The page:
Home Appraisals: What You Need To Know

Home Buyer

Home Appraisals: What You Need To Know

What You Need To Know About Home Appraisals.

Home appraisals (aka: property appraisals) are a key component of every real estate transaction. The purpose of a home appraisal is to have an unbiased professional inspect a property and determine its fair market value (FMV). They are necessary when someone is buying, selling, or refinancing a home. Home appraisals include a physical inspection, as well as an analysis of the market and comparable home values.

Why Are Home Appraisals Important?

In an appraisal, a licensed appraiser will visit the property and conduct a physical inspection. Additionally, they will look at the current state of the market, demand, and comparable homes in the area to determine the home’s worth. The determined worth is referred to as the appraisal value, which is usually the same as Fair Market Value (FMV). Home appraisals are the best way to determine Fair Market Value (FMV) because an unbiased professional is in charge of managing the inspection. 

Banks only provide loans up to the appraisal value. If the sale price of a home is higher than the appraised value, the buyer will need to pay the difference out of pocket. Banks limit the loan amount since a property serves as collateral in the case that a buyer defaults on their mortgage. Preventing over-borrowing is the bank’s way of ensuring that they will be able to fully recoup any losses through the property’s resale. 


What Factors Are Considered In An Appraisal?

When an appraiser is determining the appraisal value, they take a variety of factors into account. Firstly, they look at the home’s physical features: Number of rooms, updates, amenities, location, square footage, and more. Secondly, they analyze current market trends by looking at the sale prices of comparable homes in the area, as well as buyer demand. Finally, the appraiser will look for any flaws with the property. This could be termites, mold, water damage, or even the fact that someone once died there. All of these factors contribute to the appraisal value, in addition to being important considerations for the home’s sale price.


How A Home Appraisal Can Impact You.

Appraisals are typically conducted during escrow after a sale price has already been negotiated. If the home is appraised at a value higher than the sale price, the buyers can rest assured that they got a great deal on the property while sellers will have the knowledge that their home could have sold for more. If the appraisal value is equal to the sale price, then nothing changes in the transaction. However, if the home is appraised at a value lower than the sale price, then buyers have three primary options:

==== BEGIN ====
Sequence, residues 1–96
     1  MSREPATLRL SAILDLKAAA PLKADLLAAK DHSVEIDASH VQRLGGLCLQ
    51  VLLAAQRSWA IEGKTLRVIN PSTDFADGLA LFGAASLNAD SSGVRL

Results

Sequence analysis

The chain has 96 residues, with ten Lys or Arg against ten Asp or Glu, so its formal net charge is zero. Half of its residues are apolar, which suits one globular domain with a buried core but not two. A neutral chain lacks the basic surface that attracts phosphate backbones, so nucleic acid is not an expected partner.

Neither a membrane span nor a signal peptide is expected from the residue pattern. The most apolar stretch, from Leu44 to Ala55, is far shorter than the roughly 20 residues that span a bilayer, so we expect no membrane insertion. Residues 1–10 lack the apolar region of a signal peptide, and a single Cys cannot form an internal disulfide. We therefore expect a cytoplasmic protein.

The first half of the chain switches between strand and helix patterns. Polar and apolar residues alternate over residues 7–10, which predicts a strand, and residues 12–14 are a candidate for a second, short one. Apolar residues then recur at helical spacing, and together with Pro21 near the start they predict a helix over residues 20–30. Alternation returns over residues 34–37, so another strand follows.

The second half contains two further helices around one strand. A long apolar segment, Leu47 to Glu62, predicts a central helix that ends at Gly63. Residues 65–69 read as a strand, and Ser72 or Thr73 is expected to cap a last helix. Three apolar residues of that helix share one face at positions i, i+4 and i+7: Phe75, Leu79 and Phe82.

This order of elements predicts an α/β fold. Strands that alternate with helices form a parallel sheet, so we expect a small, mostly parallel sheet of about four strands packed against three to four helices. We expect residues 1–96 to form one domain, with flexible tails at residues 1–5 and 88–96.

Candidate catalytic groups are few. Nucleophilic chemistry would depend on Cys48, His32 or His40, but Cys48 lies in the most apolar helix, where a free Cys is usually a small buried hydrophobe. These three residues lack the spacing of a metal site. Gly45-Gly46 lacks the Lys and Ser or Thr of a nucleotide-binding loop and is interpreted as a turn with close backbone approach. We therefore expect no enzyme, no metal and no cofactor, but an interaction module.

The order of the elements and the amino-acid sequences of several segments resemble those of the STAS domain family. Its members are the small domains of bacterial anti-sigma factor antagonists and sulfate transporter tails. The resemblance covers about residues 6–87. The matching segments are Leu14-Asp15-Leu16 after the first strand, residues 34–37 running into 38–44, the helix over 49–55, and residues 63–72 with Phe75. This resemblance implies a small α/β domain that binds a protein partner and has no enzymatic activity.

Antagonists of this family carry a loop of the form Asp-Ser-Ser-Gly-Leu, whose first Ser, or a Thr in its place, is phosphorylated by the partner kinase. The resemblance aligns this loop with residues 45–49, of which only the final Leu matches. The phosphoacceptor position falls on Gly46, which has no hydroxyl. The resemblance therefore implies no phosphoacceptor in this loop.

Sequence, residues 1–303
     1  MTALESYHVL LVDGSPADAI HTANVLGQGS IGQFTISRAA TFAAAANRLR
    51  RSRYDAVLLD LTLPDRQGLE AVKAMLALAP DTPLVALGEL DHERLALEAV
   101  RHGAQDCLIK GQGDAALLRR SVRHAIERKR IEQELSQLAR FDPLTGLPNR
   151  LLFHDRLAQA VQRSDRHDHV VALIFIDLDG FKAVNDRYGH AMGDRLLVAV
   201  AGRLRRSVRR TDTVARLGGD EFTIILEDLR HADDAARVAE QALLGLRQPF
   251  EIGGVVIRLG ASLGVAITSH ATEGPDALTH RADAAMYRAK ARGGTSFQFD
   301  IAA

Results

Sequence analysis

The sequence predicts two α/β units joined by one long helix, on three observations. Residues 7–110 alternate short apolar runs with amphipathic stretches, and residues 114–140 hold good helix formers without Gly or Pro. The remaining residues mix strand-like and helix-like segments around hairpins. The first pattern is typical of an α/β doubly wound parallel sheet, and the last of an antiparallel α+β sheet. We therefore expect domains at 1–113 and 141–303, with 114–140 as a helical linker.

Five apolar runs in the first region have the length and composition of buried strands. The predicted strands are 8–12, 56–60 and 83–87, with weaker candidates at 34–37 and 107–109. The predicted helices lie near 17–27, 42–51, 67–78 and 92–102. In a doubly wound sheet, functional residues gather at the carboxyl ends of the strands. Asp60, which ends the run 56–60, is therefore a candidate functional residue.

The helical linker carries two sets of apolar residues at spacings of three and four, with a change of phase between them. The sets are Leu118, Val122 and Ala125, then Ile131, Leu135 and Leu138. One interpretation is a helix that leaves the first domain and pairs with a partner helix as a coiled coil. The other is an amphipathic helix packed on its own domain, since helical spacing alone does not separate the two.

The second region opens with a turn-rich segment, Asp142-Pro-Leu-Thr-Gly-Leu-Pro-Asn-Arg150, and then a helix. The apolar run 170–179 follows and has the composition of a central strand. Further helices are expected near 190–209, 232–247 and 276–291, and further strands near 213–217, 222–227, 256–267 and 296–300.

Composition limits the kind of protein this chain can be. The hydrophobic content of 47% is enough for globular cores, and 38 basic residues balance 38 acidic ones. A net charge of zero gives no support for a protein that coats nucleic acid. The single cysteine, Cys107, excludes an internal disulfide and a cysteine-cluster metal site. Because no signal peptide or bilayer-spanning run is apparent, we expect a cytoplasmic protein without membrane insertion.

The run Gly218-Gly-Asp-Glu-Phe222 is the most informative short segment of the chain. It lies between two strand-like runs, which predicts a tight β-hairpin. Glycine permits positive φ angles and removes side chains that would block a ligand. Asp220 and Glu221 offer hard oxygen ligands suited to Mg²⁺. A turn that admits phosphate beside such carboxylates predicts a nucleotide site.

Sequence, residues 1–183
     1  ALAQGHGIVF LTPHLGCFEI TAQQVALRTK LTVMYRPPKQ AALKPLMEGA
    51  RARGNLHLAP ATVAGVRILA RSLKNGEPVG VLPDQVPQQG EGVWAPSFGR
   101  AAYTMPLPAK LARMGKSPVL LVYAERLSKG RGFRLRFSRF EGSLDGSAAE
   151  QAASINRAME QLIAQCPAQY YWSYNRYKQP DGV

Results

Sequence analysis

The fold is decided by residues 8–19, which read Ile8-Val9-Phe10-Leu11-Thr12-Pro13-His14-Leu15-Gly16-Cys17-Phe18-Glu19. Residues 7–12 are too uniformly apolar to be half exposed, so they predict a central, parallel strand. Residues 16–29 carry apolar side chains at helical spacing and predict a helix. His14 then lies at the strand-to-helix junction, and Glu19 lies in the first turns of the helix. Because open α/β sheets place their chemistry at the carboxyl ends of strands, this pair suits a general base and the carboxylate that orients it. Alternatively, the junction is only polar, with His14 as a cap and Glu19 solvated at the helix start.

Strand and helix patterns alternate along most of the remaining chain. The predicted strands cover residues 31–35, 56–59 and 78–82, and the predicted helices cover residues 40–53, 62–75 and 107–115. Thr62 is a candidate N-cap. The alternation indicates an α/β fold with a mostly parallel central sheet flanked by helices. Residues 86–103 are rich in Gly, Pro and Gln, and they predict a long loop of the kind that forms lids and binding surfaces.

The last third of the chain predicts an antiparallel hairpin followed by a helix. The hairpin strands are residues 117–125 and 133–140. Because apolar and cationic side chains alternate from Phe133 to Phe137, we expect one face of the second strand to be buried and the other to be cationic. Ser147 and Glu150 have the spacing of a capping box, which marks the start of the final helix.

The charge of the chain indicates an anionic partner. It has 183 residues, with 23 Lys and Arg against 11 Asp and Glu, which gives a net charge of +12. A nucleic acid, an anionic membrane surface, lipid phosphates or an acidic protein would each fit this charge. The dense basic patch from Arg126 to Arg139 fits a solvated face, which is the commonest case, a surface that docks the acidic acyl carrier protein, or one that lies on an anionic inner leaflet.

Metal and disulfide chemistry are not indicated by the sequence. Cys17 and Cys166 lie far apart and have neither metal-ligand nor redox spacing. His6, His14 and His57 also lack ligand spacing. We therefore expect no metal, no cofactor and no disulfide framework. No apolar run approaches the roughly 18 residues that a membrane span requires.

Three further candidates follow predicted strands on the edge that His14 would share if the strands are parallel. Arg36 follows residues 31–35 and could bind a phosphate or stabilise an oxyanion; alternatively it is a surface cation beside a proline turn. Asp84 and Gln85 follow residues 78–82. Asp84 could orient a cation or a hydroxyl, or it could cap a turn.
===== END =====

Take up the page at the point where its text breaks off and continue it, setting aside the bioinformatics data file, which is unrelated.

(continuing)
1. Renegotiate the sale price. If you are able to show the seller that their home is appraised for a value lower than the sale price, you may be able to work with the seller to reduce the price. Typically the buyer in contract will have the upper hand since no other buyer will be able to secure a loan higher than the appraised value, meaning that finding another buyer willing to overpay will be difficult. However, if you are buying during a seller’s market (when there is a lot of buyer demand and high competition), the seller may decide to end the contract and sell to the next highest bidder. Make sure to assess your negotiation power carefully.
  2. Pay the difference out of pocket. If you are set on buying the home even with a decreased loan, you will need to increase your down payment to pay the difference between the sale price and appraisal value.
  3. Cancel the contract (ONLY if you have an appraisal contingency). If your accepted offer included an appraisal contingency, you have the opportunity to back out of the sale without any financial loss, provided that the home is appraised at a value lower than the sale price and all other contractual requirements have been met. The appraisal contingency also gives you more negotiation power if you are interested in reopening negotiations. 

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Final Notes.

An appraisal is an important step in the contractual process that allows both buyers and sellers to understand a home’s value given the current market. If a home is priced correctly, there shouldn’t be any setbacks in the appraisal stage of escrow. 

When having a home appraised, you want to make sure you have a reputable appraiser that will provide the most accurate assessment. If the appraisal value stirs conflict in a transaction, you can always hire another appraiser for a second opinion.

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